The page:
** A proposed experiment shows that quantum entanglement is not the only way to test whether gravity has a quantum nature.**

*Gravity is part of our everyday life. Still, the gravitational force remains mysterious: to this day we do not understand whether its ultimate nature is geometrical, as Einstein envisaged, or governed by the laws of quantum mechanics. Until now, all experimental proposals to answer this question have relied on creating the quantum phenomenon of entanglement between heavy, macroscopic masses. But the heavier an object is, the more it tends to shed its quantum features and become ‘classical’, making it incredibly challenging to make a heavy mass behave as a quantum particle. In a study published in *Physical Review X*, researchers from Amsterdam and Ulm propose an experiment that circumvents these issues.*

#### Classical or Quantum?

Successfully combining quantum mechanics and gravitational physics is one of the main challenges of modern science. Generally speaking, progress in this area is hindered by the fact that we cannot yet perform experiments in regimes where both quantum and gravitational effects are relevant. At a more fundamental level, as Nobel Prize laureate Roger Penrose once put it, we do not even know whether a combined theory of gravity and quantum mechanics will require a ‘quantization of gravity’ or a ‘gravitation of quantum mechanics’. In other words: is gravity fundamentally a quantum force, its properties being determined at the smallest possible scales, or is it a ‘classical’ force for which a large-scale geometrical description suffices? Or is it something different yet?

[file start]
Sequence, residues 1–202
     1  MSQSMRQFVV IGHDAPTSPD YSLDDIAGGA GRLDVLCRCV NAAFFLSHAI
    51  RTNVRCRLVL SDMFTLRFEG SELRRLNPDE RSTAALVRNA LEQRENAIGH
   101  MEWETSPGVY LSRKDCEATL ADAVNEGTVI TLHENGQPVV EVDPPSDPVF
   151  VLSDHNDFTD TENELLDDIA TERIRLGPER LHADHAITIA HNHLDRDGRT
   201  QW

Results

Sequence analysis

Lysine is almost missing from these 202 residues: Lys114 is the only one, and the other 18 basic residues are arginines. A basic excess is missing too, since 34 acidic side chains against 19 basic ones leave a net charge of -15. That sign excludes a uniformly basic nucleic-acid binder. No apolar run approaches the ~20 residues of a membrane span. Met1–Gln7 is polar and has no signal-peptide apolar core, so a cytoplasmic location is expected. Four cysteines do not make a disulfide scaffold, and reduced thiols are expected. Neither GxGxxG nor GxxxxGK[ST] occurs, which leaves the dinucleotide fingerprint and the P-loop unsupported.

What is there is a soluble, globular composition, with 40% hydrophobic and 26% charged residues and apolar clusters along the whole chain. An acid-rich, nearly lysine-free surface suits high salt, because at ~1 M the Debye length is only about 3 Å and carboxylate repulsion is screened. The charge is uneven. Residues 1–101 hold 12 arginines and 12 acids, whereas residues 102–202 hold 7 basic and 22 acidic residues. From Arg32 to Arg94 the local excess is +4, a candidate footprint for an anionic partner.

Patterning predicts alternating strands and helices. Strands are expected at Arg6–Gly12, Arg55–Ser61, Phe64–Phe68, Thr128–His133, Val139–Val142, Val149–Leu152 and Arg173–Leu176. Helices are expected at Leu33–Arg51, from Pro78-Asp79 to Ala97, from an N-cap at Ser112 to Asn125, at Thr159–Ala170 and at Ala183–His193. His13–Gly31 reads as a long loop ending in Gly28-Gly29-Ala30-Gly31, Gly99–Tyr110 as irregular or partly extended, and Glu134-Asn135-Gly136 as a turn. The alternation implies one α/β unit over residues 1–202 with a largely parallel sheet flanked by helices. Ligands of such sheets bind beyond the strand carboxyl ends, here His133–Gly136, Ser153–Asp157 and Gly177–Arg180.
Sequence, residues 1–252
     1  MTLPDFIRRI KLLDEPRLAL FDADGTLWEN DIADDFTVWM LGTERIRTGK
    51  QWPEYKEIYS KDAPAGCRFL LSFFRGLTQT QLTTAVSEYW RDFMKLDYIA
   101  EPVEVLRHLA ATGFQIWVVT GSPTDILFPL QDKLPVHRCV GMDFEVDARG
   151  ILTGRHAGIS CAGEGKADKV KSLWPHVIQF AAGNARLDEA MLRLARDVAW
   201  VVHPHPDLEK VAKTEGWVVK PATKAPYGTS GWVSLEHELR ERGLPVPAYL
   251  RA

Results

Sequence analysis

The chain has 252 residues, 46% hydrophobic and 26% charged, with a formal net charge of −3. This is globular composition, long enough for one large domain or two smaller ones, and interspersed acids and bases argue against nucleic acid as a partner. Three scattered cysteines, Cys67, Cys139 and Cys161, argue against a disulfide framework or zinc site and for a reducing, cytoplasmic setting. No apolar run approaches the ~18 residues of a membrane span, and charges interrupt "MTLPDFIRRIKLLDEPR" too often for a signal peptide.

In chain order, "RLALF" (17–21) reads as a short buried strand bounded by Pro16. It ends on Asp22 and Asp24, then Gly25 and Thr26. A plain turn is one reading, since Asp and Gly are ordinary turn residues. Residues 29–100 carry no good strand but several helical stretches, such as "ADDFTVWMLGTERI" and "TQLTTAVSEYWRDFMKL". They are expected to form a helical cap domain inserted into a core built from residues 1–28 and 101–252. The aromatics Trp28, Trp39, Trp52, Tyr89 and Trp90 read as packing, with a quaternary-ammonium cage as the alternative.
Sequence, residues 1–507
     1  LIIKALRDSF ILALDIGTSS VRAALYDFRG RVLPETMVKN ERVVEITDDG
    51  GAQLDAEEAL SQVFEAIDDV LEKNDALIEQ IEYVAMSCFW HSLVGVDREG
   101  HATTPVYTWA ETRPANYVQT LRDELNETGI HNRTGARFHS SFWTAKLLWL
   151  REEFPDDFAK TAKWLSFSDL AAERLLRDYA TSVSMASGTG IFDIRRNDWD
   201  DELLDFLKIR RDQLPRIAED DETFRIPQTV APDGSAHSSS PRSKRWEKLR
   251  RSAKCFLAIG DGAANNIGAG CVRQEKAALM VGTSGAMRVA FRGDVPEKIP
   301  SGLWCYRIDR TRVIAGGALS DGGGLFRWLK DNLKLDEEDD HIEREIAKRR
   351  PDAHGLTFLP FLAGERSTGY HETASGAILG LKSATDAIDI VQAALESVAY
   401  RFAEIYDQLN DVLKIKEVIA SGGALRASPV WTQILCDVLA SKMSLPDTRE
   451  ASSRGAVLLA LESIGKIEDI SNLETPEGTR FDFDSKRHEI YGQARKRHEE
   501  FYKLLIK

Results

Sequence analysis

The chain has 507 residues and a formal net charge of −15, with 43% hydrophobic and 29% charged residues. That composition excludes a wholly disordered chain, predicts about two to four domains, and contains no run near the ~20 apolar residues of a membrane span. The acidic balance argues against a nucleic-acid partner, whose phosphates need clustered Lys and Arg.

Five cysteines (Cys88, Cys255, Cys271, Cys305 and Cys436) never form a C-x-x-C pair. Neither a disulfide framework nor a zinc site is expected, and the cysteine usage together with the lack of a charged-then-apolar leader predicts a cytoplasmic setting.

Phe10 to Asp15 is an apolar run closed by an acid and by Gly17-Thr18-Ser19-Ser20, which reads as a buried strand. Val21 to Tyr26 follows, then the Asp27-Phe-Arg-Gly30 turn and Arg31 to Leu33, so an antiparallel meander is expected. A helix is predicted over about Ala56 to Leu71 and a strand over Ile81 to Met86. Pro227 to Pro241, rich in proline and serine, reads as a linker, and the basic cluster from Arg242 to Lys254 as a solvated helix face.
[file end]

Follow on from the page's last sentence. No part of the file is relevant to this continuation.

It has always seemed that to answer these questions, a central role would be played by the typically quantum phenomenon of *entanglement*. As Ludovico Lami, mathematical physicist at the University of Amsterdam and QuSoft, puts it: “The central question, initially posed by Richard Feynman in 1957, is to understand whether the gravitational field of a massive object can enter a so-called *quantum superposition*, where it would be in several states at the same time. Prior to our work, the main idea to decide this question experimentally was to look for gravitationally induced entanglement – a way in which distant but related masses could share quantum information. The existence of such entanglement would falsify the hypothesis that the gravitational field is purely local and classical.”

#### A Different Angle

The main problem with the previous proposals is that distant but related massive objects – known as delocalized states – are very challenging to create. The heaviest object for which quantum delocalization has been observed to date is a large molecule, much lighter than the smallest source mass whose gravitational field has been detected, which is just below 100 mg – more than a billion billion times heavier. This pushed any hope of an experimental realization decades away.